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life from western area, that's a gold mining town in south africa, i will start with asking you, what the strikes so far is looking like, and if it has had any impact. >> some miners have upon to work, but most haven't. they are milling about waiting on word on what to do next. security is tight, and security here at the mines aren't making any media on to the actual premises. they also don't want the miners to come out on to the street and protest, because they don't want that image to come out and shown by the journalists waiting to speak to some of them. they are having a mass meeting. they are having a mass meeting then they say they will try to come out on to the street. but by the security, we will have to wait and see.
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well, south africa is one of the main goal producers the longer the strike drags on it will have a huge impact on the economy, in fact, economists are warning that normally this time of the year, these strikes happen every year. they last about three weeks or so, if they drag on longer it can damage the economy really badly, the president has appealed to mine bosses to union leaders to please sit down, quickly, meet, discuss a way forwarding end the strike for the good of the country and the economy. we will have all the sports shortly, including tennis, where the defending champion is true to the last date, find out why andy murray didn't have it his way at the u.s. open. ç]
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prime minister has instructed forces to be deployed to the country's largest city. they have seen over 1,000 people killed in just the first six months of this year. the violence has been blamed on gang wars, drugs and the taliban. the head of the fbi is stepping down after 12 years. he has started his job a week before then attacks in 2001. california is leading the way in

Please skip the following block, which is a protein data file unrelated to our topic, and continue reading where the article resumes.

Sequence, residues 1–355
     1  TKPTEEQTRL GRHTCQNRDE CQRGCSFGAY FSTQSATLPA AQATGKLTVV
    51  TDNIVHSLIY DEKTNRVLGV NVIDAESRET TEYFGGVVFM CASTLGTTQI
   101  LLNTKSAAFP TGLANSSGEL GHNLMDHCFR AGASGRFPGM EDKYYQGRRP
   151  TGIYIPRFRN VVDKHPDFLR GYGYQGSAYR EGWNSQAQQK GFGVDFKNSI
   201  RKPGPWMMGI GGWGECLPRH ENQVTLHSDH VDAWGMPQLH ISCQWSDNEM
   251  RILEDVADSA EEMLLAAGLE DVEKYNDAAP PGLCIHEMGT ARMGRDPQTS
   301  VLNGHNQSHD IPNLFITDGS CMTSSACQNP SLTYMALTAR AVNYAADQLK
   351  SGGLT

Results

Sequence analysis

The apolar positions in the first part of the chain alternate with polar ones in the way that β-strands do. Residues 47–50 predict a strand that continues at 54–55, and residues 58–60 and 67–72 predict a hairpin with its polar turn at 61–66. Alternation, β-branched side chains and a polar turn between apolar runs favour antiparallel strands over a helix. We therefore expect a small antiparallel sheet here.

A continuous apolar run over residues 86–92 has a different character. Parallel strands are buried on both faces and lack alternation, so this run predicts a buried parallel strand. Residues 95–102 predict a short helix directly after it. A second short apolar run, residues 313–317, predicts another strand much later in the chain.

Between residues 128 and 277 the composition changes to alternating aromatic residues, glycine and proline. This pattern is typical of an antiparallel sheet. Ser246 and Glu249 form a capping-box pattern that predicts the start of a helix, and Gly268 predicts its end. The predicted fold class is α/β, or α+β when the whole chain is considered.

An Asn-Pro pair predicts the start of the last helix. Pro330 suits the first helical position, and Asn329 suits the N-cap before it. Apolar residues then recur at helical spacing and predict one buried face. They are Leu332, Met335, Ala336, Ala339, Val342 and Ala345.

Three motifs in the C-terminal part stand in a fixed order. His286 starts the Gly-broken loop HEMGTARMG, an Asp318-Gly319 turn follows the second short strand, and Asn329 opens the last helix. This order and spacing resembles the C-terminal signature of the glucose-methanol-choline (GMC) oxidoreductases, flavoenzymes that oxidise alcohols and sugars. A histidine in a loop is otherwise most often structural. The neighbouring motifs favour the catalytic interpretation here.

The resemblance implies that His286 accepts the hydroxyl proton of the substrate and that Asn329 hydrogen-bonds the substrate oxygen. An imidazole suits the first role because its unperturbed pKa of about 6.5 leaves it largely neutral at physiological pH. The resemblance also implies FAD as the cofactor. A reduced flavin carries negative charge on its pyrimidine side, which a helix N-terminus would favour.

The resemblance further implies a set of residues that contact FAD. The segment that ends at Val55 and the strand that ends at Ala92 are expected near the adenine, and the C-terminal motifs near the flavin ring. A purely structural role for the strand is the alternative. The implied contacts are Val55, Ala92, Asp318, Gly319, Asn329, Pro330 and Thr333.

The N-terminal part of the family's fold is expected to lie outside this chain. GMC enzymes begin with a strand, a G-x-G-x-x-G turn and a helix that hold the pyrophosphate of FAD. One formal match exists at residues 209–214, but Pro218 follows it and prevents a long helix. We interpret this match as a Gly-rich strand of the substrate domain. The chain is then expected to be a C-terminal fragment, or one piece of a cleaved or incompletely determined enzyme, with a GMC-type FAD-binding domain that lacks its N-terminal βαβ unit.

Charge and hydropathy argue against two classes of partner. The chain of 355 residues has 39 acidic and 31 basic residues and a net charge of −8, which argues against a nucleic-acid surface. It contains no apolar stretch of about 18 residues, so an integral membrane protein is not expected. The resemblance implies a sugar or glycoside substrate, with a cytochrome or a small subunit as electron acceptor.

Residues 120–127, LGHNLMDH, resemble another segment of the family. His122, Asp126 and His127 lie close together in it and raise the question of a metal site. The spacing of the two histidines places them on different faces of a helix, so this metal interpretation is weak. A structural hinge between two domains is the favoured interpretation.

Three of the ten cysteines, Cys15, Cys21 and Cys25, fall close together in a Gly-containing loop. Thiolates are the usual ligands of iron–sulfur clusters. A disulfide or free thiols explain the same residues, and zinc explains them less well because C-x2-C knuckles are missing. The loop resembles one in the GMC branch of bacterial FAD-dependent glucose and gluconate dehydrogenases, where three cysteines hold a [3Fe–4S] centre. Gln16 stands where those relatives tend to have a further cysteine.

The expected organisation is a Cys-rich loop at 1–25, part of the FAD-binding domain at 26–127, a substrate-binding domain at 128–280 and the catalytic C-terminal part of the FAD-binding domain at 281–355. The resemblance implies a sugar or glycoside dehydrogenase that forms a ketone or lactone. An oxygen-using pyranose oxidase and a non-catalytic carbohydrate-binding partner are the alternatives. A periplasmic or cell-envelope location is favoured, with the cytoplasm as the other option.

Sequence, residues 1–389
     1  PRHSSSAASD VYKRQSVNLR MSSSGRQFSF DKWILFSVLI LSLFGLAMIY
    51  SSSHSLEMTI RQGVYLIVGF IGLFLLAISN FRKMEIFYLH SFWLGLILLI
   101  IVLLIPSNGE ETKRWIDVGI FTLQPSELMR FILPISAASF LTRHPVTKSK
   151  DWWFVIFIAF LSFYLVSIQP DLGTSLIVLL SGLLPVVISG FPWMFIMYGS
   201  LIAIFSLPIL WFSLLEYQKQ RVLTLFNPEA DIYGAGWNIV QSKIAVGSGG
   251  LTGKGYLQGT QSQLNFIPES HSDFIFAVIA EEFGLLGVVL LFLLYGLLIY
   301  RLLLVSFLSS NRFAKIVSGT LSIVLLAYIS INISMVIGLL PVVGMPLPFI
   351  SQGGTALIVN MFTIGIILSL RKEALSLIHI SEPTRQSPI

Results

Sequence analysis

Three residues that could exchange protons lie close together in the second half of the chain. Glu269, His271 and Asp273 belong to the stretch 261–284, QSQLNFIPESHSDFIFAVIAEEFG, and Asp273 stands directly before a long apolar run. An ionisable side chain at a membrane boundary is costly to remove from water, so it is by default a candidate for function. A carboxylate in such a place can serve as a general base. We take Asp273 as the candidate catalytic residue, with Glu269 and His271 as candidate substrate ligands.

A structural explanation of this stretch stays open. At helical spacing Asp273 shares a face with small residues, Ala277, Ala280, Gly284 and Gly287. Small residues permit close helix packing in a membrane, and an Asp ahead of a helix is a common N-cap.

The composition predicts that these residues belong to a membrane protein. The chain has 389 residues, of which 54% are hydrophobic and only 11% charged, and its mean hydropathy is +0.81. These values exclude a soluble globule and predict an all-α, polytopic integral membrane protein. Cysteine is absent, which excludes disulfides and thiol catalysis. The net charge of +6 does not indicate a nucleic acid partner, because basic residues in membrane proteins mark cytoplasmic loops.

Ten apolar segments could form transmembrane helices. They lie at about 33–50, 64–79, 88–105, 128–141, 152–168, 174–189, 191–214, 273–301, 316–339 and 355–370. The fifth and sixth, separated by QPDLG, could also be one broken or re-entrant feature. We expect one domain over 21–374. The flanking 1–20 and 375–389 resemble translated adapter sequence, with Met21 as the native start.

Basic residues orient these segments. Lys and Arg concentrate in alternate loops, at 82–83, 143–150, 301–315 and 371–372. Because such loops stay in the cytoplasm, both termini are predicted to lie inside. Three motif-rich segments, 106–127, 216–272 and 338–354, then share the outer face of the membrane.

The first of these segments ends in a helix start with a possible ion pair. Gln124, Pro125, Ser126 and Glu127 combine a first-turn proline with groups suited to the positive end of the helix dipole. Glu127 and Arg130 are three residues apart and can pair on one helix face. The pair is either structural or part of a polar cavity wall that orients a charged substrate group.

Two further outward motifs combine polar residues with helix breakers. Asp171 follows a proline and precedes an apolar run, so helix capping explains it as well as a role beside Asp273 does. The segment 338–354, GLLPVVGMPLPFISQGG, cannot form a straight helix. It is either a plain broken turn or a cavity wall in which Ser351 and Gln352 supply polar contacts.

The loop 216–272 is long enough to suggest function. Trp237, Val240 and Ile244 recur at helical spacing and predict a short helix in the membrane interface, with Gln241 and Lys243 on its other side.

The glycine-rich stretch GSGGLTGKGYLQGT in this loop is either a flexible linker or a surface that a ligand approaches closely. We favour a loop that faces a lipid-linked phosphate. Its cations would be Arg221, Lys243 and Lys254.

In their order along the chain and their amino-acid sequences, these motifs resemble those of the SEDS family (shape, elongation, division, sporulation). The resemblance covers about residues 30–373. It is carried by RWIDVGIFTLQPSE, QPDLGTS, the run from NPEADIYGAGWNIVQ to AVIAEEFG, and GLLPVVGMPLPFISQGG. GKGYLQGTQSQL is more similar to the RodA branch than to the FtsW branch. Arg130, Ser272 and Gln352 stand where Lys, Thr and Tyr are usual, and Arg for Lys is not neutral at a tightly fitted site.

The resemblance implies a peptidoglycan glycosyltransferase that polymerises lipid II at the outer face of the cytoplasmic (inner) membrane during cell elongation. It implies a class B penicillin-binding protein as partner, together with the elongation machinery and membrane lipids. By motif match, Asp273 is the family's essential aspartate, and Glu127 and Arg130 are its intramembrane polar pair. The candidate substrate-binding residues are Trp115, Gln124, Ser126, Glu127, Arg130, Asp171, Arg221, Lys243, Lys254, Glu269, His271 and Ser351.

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the u.s. to become green, the state has the most progressive goals in the country, including a plan for construction to be zero net energy by 2020. stephanie with the university of california to find out more about this new self-sufficient project. >> this luxury apartment community situated on the university of california campus in davis. has taken college life to a whole new level. >> we are kind of known as the super nice apartments. >> with space for 2000 residents west village offer as restore style environment, but also gives student as chance to be part of an experiment in sustainable living. it is the first of its kind, a zero net energy community. >> so zero net energy means that basically we would produce the exact amount of energy that we are using on a day-to-day basis. ceiling fans helps air glow,
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u.c. davis is one of the first students to live here. a green pioneer of sorts. >> there are energy usage limits that you have meet. >> and that means if you are consuming too much electricity, management will come calling. >> we will walk through and say if you put a power strip here, and turn it off. and run these computers and monitors and your game systems when you are not in the unit. >> the community is equips with thousands of solar panels capable of generating 700-kilowatts of energy per year. >> the solar panels are a huge part of it because that's how we generate the electricity. >> the numbers are still being analyzed but the community is on track to meet its goals. with california strict green energy building codes west village can serve as a blueprint for other developers looking to